A Bird's Wonderful Flight

Boston Herald

Carrier pigeons have been in use for ages for the purpose of taking messages from distant places to their homes. Long before the invention of the railway and the telegraph, pigeons were the swift message-bearers of mankind, and to-day even they prove of great service in carrying news from besieged cities, or from parts of the world where the telegraph and the railways are not.

Among the remarkable exhibitions of the speed and endurance of homing or carrier pigeons was a journey made not long ago by a bird named Wilkins, owned by Mr. Lautz of Buffalo. The pigeon was taken to Lawrenceburg, Tenn., a distance of seven hundred miles, and liberated. The bird first flew straight up, then circled a few times, and finally started flying rapidly in the direction of Buffalo. A southwest wind was blowing at the rate of about thirty miles an hour, and a thunder storm was approaching. Likely enough the approaching storm frightened the pigeon, and caused it to try to reach home ahead of the deluge, and likely enough the wind helped it greatly. But the bird flew faster than the wind, and reached its home loft in thirteen hours, twelve minutes, and forty-one seconds from the time of its liberation. Consequently, the homing bird flew but a little less than a mile a minute, or at the rate of 1,567 yards a minute—a record hardly equalled by the fastest express trains. After this wonderful flight of seven hundred miles the bird seemed only a little tired, and the next day it was as lively as ever.—Boston Herald.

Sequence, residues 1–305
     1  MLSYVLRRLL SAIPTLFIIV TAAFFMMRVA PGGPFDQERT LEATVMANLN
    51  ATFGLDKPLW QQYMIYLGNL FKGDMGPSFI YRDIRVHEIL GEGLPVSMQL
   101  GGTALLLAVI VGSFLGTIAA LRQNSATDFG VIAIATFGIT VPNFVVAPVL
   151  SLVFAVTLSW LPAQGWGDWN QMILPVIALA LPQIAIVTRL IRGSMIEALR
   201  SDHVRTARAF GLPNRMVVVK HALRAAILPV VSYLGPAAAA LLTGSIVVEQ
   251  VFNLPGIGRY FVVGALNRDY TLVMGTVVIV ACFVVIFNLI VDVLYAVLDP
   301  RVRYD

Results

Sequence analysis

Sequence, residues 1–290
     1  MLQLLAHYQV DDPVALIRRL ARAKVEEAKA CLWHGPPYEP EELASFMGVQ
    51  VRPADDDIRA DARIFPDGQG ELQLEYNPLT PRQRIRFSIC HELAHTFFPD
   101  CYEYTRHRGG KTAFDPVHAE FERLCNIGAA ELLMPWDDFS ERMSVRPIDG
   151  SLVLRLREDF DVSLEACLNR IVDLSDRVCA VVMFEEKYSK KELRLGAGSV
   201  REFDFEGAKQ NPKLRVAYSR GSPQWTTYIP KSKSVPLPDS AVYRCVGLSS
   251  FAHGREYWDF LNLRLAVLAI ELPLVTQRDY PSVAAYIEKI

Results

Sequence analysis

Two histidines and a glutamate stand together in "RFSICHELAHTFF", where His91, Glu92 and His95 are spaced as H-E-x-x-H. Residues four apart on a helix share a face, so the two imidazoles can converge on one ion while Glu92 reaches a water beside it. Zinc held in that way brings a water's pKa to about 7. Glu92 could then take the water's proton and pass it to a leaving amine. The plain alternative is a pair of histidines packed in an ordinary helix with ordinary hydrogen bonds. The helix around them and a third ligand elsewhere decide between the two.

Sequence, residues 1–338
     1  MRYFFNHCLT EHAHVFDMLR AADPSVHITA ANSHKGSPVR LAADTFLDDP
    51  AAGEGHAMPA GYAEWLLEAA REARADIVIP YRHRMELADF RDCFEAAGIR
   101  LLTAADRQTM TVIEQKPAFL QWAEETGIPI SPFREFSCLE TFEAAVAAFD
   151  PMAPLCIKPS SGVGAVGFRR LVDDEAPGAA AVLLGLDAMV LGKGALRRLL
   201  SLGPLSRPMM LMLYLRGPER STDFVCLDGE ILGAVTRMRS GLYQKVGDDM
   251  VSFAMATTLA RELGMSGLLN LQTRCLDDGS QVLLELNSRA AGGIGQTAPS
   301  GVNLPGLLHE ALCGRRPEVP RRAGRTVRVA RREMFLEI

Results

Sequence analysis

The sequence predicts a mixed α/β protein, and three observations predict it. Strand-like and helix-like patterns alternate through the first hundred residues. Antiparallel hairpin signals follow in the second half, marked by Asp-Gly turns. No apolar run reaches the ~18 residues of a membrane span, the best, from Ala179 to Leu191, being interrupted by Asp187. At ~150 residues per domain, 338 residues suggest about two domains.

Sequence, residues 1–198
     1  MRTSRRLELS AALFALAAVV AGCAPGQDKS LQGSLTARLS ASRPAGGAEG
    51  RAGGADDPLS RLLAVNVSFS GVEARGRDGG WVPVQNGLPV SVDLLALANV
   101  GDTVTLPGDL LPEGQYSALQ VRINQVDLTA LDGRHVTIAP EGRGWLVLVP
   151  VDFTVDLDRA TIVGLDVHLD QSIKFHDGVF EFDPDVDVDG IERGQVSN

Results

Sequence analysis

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The Lectures
March 15, 1900
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